Frankly, Lake George, New York has never been known as trendy. But it can be perfect for people looking for a quiet place to vacation where they don’t have to compete with celebrities for restaurant reservations. The grande dame Sagamore Hotel, for one, is a classy and historic way to spend a few days.
But aging hotels have their strengths and limitations, and the Sagamore has had to renovate to meet the changing needs of its clientele. Opened in 1883, the Sagamore was the hotel for the affluent back in the days of Teddy Roosevelt. In 2009, it underwent a multi-million dollar renovation, added a 10,000 square-foot outdoor pool, upgraded its lobby, built a new casual lakeside bar/eatery, improved air-conditioning, and installed Wi-Fi capability in all rooms.
Based on a recent visit, the target market of the Sagamore is clear: families. My wife and I encountered many intergenerational outings that included grandparents, parents and grandchildren. One family, in fact, was celebrating the grandparent’s 50th wedding anniversary, a daughter’s 25th and another daughter’s 15th nuptials, and wore t-shirts emblazoned with each couple’s photo to prove it. Families of three and four children were plentiful, although couples could have a relaxing time, as well.
Indeed the children’s recreational center specializes in indoor soccer, billiards, ping-pong, miniature golf and computer games supervised by a trained, professional staff to ensure kids’ safety.
The Sagamore’s other main attractions include its three swimming pools (two outdoors) and an 18-hole, par-70 golf course situated on 188 acres, two and a half miles from the resort. Shuttle vans transport golfers, so there’s little waiting. The hotel charges a $25 daily resort fee, but a round costs an additional $125, including the cart.
The resort has also cordoned off areas for swimming directly in the lake. A fitness center includes Cybex machines, treadmills and free weights, and its spa specializes in massages, body wraps, facials and Stone Therapy.
Twice a day, at 11:30 and 2:30, the Sagamore’s replica of a 19th-century touring boat, the Morgan, sails for a 90-minute complimentary tour of scenic Lake George. Who knew that its shoreline is 32 miles long, and that it spans 44 square miles and includes 28 islands for camping?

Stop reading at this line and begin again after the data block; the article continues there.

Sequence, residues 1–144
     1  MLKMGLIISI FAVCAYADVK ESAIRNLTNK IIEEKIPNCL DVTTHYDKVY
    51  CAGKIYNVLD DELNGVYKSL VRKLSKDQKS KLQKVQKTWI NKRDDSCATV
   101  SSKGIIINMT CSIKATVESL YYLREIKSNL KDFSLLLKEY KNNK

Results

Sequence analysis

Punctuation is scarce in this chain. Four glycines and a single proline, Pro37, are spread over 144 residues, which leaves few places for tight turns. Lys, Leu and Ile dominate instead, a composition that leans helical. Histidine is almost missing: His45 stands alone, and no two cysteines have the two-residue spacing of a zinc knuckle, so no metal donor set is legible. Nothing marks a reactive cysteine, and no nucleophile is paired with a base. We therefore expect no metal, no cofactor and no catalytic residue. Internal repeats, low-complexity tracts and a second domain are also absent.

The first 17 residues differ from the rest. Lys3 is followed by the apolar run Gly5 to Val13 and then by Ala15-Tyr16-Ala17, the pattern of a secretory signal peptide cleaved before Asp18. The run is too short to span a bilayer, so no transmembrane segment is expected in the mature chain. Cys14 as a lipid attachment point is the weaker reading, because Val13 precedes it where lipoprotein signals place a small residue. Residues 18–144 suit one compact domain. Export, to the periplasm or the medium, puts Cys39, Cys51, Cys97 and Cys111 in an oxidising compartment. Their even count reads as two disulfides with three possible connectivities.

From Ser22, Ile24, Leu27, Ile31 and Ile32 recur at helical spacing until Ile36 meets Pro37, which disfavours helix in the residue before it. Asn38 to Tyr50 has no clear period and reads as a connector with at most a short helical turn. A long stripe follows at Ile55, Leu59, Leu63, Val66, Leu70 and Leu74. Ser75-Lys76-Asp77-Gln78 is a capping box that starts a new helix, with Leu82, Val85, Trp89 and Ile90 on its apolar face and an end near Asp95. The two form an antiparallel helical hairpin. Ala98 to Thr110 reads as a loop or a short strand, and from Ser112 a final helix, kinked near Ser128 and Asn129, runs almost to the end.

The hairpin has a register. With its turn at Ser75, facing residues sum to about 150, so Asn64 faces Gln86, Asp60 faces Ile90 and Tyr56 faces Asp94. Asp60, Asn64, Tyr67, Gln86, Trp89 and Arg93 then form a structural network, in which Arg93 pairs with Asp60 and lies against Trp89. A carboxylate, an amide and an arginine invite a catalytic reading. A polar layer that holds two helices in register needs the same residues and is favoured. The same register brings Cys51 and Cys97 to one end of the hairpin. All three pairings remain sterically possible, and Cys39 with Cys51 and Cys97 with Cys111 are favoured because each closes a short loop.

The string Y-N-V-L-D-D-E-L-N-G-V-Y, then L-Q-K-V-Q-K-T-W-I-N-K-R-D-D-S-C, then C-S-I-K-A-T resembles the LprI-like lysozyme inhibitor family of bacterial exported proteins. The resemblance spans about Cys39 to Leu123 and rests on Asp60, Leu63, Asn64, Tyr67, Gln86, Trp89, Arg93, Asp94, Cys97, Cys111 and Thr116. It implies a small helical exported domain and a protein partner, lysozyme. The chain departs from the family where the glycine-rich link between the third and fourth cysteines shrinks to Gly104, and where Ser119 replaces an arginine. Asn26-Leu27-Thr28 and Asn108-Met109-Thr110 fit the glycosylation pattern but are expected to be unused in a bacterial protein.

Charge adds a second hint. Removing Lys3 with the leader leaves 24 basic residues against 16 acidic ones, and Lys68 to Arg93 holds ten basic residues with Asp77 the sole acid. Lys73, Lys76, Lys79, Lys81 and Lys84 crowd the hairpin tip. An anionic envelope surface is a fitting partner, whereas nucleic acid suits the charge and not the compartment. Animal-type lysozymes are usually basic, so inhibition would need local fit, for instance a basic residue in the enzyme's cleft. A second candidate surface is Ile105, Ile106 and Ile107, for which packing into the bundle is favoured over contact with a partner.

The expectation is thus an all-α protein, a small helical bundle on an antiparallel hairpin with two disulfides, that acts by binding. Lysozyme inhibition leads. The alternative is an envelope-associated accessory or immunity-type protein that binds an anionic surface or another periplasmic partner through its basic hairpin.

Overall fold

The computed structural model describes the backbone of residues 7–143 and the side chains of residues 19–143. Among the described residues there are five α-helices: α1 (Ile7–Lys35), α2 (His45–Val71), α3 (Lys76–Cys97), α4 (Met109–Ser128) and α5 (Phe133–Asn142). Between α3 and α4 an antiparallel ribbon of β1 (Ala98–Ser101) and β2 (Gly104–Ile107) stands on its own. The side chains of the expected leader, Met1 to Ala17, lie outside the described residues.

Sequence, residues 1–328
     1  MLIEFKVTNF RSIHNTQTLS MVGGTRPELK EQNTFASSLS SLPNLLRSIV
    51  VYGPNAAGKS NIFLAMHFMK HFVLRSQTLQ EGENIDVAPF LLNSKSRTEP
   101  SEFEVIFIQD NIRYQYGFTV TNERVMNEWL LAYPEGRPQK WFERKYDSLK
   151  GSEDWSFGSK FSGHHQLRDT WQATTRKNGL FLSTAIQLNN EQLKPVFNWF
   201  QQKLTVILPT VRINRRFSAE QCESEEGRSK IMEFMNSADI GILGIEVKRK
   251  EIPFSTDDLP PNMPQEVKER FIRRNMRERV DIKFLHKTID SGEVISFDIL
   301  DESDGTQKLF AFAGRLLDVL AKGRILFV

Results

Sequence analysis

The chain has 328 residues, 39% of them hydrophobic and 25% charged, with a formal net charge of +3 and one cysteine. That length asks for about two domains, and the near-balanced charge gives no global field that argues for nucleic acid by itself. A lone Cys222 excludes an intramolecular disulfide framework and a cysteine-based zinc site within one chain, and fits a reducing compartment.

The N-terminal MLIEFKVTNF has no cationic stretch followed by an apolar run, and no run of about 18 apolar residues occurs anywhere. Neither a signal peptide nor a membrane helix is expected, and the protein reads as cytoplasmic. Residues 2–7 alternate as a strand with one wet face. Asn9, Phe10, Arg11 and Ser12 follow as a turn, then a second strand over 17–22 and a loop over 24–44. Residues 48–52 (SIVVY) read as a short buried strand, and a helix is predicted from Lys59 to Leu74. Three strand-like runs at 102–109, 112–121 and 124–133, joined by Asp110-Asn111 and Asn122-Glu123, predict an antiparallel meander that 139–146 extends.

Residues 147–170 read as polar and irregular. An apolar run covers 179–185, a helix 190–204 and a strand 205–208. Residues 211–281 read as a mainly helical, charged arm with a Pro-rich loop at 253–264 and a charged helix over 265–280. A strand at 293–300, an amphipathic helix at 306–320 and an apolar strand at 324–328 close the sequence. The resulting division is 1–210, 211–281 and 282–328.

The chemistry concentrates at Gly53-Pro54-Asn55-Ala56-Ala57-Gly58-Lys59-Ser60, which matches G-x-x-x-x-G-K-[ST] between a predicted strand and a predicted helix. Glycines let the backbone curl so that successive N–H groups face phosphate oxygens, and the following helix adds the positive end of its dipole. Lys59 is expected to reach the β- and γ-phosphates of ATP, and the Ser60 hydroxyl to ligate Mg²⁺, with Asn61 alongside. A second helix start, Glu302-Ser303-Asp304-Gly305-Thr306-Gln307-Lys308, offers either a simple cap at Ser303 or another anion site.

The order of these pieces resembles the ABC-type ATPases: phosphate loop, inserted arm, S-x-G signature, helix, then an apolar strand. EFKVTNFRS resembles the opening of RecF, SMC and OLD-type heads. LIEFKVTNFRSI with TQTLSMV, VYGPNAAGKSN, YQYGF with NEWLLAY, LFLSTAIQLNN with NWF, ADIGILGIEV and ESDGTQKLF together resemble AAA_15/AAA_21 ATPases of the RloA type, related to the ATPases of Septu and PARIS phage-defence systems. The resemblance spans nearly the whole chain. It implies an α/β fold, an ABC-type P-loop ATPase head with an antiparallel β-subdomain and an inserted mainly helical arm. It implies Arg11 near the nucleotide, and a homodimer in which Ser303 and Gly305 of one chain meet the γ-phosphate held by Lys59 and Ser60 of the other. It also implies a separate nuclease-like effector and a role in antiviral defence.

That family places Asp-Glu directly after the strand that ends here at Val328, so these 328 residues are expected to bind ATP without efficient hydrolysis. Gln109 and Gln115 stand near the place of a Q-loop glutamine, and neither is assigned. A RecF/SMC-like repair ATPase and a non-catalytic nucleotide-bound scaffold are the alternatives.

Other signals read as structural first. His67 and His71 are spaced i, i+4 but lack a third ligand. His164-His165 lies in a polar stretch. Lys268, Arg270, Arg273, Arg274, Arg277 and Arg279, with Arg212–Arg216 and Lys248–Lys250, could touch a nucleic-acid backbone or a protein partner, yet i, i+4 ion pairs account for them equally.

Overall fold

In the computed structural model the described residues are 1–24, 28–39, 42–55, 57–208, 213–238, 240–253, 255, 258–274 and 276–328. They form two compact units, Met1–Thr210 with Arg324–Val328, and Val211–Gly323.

I’m an active tennis player, so I felt the sport was treated an afterthought here. Despite possessing five lighted tennis courts, two Har-Tru and three hard, and a tennis pro, the Sagamore offers no clinics, round robins, or any weekday activities (there are clinics on weekends). Emphasis was on selling $90 an hour lessons and generating revenue. The affable tennis pro tried to arrange matches with guests but wasn’t able to. It’s exasperating that a hotel that charges resort fees doesn’t offer any organized tennis program or even a sign-up sheet to meet other players.
Dining at the Sagamore is appealing and easy. Lunch and cocktail service is available at the two outdoor pools. A bustling wait staff buzzes around filling drink and food orders as if they were on Rollerblades. Other eateries include Mister Brown’s Pub for burgers, sandwiches and salads, and La Bella Vita, an upscale Italian cafe. We had steak salads for dinner one night at the Pavilion, the lakeside restaurant, which was romantic, picturesque (particularly at sunset — ask for a seat near the water), and moderately-priced.
Outside of the resort, Bolton Landing is a quaint town filled with mom ‘n’ pop stores such as Next Summer, specializing in home decor, and Happy Jacks, a gift store. We ate at Cate’s Italian Garden, and enjoyed fried clams at Son of a Sailor.
Our most surprising experience was the Bolton Beans Bistro, a converted railroad car that operates as a coffee and muffin place during the day but transforms into a gourmet eatery serving salmon, Chilean sea bass, chicken martini, and scallops and shrimp at night. The food is first-rate prepared by owner/chef Katrina Dougherty, though the service can be slow, bordering on glacial.